Inverview with George Marotta: Stanford’s Hoover Institution on War, Revolution and Peace

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Stanford's Hoover Institution on War Revolution and Peace

Today is the birthday of my father, George Marotta. Mentoring under my father was one of the best financial educations I could have asked for. I’m very proud of my father and consider much of my contribution to be in engineering his masterpieces in a repeatable paint-by-numbers approach. For those of you not familiar with The Rembrandt of Investments, here is his bio:

About George Marotta

George Marotta served in the U.S. Army in the Pacific, graduated from Syracuse University, worked in U.S. foreign affairs and Stanford’s Hoover Institution, and founded a financial firm in Palo Alto. Currently he teaches and lectures on board cruise ships. Favorite sport: Lawn Bowling.

And here is an interview with George Marotta on his work at Stanford’s Hoover Institution:

What were all the jobs or projects you worked on while you were at Stanford’s Hoover Institution?

In 1977, as the public affairs’ coordinator at the Hoover Institution, I inaugurated the “op ed” program. These are short “think” pieces printed by newspapers “opposite” the “editorial” page or “op ed” for short. Scholars primarily want to write articles for academic journals so they can get credit toward their research achievements. Sharing thoughts with the general public was not a high priority for them. However, at the time Milton Friedman was writing a weekly article for a very popular magazine, Newsweek, so I used his examples to encourage scholars to share their research with the general public.

This program was so successful that today there are many short articles published every day in the national and local press. Of course, with the internet revolution, there are also publications by many scholars in electronic “blogs.” The nation is all the richer because of this wider circulation of academic talent on all sorts of public issues.

It is a generally accepted fact that professors in institutions of higher learning are much more liberal than the general public. It has also been proven that the more elite the university, the more liberal is the faculty especially in the social science departments.

We found this out in the late 1980s when the faculty revolted against the board of trustees’ decision to invite Ronald Reagan to locate his presidential library at Stanford University. The revolt began when a group of Faculty Senate leaders wrote a letter outlining their protest. From open public voting registrations, I found that all of the authors were of the Democrat persuasion and one was an “independent.” This was clearly a “partisan” objection to having a conservative and Republican president on the Stanford campus.

Later, when professors from the English and political science department joined in the protest, my wife and I did research that showed between 80 and 100 percent of faculty in the social science departments were registered with the Democrat Party. The result of my survey showed that the liberal faculty at Stanford was very illiberal toward allowing the expression of contrary views on the academic grounds of Stanford. So much for “freedom of speech.”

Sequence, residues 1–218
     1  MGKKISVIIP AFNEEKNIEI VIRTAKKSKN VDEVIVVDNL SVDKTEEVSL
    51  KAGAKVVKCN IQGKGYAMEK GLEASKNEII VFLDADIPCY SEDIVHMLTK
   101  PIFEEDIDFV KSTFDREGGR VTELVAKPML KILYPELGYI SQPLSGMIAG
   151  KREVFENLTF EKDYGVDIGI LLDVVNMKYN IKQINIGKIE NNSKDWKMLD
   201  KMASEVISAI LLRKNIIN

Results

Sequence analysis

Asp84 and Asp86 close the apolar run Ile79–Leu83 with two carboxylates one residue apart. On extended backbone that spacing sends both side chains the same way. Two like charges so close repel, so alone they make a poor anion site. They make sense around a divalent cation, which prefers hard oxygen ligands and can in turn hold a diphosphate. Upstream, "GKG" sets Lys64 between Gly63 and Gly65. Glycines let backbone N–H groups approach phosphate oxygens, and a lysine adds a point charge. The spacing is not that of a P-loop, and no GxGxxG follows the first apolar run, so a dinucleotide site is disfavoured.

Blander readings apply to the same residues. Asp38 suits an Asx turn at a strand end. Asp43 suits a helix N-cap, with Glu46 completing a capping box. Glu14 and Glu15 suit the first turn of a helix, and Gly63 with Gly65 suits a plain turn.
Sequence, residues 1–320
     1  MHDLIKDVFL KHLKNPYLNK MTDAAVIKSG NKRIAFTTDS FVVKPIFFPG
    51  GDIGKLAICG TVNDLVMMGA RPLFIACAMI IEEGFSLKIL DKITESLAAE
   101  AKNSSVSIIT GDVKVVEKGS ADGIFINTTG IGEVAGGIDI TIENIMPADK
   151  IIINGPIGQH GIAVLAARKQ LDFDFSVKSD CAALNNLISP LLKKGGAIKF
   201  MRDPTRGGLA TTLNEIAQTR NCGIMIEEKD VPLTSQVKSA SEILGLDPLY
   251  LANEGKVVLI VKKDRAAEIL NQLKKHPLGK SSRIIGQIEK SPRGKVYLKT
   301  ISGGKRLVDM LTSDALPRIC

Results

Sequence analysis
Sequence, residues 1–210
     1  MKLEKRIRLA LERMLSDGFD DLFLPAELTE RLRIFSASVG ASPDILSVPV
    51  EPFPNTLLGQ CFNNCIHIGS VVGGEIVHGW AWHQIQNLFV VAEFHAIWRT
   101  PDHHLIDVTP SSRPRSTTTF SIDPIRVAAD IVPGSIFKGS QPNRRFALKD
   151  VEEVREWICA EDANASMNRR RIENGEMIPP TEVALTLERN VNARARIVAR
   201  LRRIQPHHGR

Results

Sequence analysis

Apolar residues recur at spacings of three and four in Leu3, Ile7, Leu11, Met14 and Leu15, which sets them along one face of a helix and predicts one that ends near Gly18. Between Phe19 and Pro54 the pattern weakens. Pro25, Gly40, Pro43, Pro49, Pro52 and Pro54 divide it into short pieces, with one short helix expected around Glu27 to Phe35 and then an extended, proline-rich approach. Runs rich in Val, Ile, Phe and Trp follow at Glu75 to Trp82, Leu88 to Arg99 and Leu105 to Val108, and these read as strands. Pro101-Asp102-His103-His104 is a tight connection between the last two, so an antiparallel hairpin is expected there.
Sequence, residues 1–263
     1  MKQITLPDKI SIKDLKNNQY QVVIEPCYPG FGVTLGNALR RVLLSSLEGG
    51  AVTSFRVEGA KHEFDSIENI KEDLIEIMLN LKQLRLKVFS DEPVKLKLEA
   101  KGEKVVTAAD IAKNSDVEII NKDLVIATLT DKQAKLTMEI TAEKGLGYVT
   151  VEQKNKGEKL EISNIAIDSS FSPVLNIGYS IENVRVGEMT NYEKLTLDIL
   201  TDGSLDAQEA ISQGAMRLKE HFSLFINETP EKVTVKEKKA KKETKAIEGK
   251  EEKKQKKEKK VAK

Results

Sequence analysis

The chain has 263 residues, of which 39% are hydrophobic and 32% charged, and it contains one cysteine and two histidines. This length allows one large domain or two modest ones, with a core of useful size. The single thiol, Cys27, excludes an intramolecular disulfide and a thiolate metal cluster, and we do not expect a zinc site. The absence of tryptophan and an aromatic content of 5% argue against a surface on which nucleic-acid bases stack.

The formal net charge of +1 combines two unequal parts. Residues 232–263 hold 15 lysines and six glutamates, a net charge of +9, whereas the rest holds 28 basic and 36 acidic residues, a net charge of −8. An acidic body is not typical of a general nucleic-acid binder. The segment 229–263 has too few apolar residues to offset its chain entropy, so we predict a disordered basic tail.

What scholars did you get to know well as colleagues at Hoover? What was your relationship with them? Why do you think the research and work that is being done at Hoover is important?

After winning the Nobel Prize in Economics in the mid-1970s, Milton Friedman moved his research base from Chicago University to the Hoover Institution at Stanford University in California. He did more than anyone else to educate the public on the merits of economic research. His work in the production of the TV series “Free to Choose” which was aired on public television made known the dangers of expansion of government power. He did much to propagate the views of Frederic Hayek, “The more you rely on government to do things for you, the more power that government has to do things to you in the future that you may regret.” He was an advisor to many government leaders but also took the time to educate undergraduates on the merits of economic research. Through my interactions with him, I like to think that I earned at least a very informal masters’ degree in economics.

I very much enjoyed getting to know Edward Teller, the nuclear physicist who didn’t like being called the “father” of the a-bomb because he had real children.  He was a strong advocate for the advantages of nuclear power generation.  He also strongly advocated the advantages of anti-ballistic missile defense.

I especially enjoyed the relationship with economist Senior Fellow Thomas Sowell who was once next door to me at the Hoover Institution at Stanford University.  I enjoyed many of his books, but especially “Knowledge and Decisions,” and particularly that section that talked about how individuals faced with the same facts can come to entirely different conclusions.

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David John Marotta is the Founder and President of Marotta Wealth Management. He played for the State Department chess team at age 11, graduated from Stanford, taught Computer and Information Science, and still loves math and strategy games. In addition to his financial writing, David is a co-author of The Haunting of Bob Cratchit.

One Response

  1. Richard Steven Gregg

    Happy Birthday George ! (again. just reading this today)